Uganda will formally announce the Final Investment Decision (FID) for the construction of a 1,445 km crude oil pipeline and the development of two oil fields on February 1, 2022. The announcement will be made at the historical Kololo Independence Grounds in Kampala.
FID is the point in an energy project in which the companies operating the venture sanction its development.
France’s TotalEnergies is leading a group of shareholders in the construction of a crude oil pipeline from Hoima in Western Uganda to Tanzania’s Tanga Port that will be the longest heated underground pipeline in the world.
TotalEnergies is also developing the Tilenga oil field, while China’s CNOOC is in charge of the Kingfisher Oil field.
The taking of the FID will end nearly 10 years of negotiations – most of them around the legal framework of the oil industry and financial implications – and set the stage for heavy investments in the oil industry as the country races to beat the deadline for achieving First Oil in the first quarter of 2025.
The chairman of TotalEnergies, Patrick Pouyanne, is expected to attend the event. His counterpart from China’s CNOOC is also expected to take part. Different heads of organizations within Uganda’s oil and gas industry are also expected to attend.
The taking of the FID comes after President Yoweri Museveni is said to have assented to two critical legal frameworks – the East Africa Crude Oil Pipeline (Special Provisions) Bill, and the Public Finance Management Bill. The two laws have an impact on the investment in the oil industry.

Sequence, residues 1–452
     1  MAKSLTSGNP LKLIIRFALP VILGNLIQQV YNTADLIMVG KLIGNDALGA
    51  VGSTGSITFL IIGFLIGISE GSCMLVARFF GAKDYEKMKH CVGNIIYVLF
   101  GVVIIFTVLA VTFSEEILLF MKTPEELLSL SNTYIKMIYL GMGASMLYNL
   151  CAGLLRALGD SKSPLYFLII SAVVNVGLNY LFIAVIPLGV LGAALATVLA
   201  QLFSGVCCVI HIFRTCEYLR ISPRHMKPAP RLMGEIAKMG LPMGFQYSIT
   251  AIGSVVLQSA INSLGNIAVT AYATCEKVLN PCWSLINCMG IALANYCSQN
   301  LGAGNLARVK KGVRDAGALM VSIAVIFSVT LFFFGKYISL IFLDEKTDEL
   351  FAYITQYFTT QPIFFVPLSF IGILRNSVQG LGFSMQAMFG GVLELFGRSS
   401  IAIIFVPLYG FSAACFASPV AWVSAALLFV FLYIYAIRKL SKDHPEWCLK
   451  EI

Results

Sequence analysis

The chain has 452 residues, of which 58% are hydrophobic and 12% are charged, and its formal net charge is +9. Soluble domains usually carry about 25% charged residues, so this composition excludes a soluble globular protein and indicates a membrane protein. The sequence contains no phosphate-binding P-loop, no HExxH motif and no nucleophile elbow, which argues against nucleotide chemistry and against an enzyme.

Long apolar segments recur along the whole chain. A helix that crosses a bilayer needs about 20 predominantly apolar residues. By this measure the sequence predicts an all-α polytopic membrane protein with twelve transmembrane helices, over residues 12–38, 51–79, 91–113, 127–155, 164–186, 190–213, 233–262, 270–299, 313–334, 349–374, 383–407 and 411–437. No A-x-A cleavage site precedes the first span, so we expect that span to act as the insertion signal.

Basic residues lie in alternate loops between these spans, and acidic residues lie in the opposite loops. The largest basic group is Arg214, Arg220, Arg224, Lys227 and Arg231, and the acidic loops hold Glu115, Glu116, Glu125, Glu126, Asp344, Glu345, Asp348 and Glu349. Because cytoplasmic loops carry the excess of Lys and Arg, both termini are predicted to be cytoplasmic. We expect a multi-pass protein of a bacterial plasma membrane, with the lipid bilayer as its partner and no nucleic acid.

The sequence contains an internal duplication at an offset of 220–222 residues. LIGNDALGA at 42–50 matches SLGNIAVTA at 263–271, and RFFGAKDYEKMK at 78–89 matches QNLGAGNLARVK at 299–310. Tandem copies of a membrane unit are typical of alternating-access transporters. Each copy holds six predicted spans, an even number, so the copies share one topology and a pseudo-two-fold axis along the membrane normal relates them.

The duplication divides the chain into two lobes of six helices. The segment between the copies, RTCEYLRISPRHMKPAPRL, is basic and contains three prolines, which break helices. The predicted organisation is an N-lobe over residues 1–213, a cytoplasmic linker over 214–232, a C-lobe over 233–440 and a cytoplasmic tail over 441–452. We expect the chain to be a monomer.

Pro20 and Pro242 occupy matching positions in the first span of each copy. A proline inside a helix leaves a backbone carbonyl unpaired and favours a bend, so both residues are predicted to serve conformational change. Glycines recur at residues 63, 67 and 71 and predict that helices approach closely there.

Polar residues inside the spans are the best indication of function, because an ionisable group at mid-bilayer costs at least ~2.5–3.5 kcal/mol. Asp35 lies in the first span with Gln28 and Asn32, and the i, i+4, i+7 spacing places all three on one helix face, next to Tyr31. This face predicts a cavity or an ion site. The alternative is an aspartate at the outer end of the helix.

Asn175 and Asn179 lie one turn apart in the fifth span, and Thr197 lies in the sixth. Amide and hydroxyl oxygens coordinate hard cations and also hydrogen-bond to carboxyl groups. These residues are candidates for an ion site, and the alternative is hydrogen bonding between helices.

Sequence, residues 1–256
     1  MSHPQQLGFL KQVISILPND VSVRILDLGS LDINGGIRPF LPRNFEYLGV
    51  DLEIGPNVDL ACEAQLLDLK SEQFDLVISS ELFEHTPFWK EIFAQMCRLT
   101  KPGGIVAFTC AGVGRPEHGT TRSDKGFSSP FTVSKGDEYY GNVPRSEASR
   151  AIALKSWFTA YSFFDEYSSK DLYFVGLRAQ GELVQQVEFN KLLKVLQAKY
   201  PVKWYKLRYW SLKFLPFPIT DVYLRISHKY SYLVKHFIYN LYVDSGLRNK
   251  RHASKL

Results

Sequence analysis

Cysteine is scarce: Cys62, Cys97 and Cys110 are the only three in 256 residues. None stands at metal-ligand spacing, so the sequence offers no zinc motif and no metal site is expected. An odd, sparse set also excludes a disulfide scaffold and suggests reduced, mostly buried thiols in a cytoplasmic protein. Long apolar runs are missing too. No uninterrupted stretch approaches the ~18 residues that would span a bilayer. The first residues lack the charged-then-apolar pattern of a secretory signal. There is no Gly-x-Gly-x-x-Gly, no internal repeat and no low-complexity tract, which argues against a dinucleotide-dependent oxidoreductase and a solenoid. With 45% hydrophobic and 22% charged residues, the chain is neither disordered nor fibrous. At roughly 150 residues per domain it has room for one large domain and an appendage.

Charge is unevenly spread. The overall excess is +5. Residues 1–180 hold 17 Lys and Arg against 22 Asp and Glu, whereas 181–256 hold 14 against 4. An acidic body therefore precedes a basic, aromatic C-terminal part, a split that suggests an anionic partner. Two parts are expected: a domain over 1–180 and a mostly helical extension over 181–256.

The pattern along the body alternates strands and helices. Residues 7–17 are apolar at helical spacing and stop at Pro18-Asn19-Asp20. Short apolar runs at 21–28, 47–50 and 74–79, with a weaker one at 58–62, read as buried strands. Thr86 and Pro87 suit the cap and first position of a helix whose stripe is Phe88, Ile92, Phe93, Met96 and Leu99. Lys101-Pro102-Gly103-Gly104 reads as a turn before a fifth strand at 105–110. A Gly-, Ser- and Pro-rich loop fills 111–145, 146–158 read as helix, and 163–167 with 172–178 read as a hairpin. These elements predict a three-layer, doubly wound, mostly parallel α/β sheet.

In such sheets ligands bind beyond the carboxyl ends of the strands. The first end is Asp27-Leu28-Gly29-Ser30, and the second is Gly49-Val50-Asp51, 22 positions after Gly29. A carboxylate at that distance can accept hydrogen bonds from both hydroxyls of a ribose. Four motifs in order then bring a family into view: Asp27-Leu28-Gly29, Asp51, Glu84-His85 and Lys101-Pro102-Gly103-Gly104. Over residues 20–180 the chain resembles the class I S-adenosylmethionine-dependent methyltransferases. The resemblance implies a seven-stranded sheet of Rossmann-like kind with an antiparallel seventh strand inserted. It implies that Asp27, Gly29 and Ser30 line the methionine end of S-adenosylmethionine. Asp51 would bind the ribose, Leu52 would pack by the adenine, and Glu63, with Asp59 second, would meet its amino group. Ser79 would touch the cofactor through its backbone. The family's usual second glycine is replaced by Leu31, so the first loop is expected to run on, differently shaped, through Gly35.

At least $15 billion to $20 billion is expected to be invested in Uganda’s oil industry before the country starts producing oil. Already, a number of contracts have been awarded, although many of them were conditional. The signing of the FID means the conditional awards now turn into permanent awards.
TotalEnergies is the lead company for the crude oil pipeline project, with 62% shareholding. The Uganda National Oil Company (UNOC) and Tanzania Petroleum Development Corporation (TPDC) each own 15%. China’s CNOOC owns the remaining 8%.
The signing of the FID adds more impetus to Uganda’s own ambitions of building an oil refinery. The country is looking to build a refinery with a capacity to refine 60,000 barrels of oil per day. A substantial amount of this oil is expected to come from the Tilenga and Kingfisher oil fields.
Uganda’s petroleum resources remain at 6.5 billion barrels of oil equivalent in place with 1.4 billion barrels of this as recoverable resources. The Ministry of Energy and Mineral Development still continues to license additional areas for petroleum exploration in the country to increase on these resource volumes.
The country is currently negotiating with UNOC and Australia’s DGR Global Limited over exploration licenses for some oil fields. This is in addition to the ongoing exploration activities of Oranto Petroleum and Armour Energy in the Ngassa and Kanywataba contract areas respectively.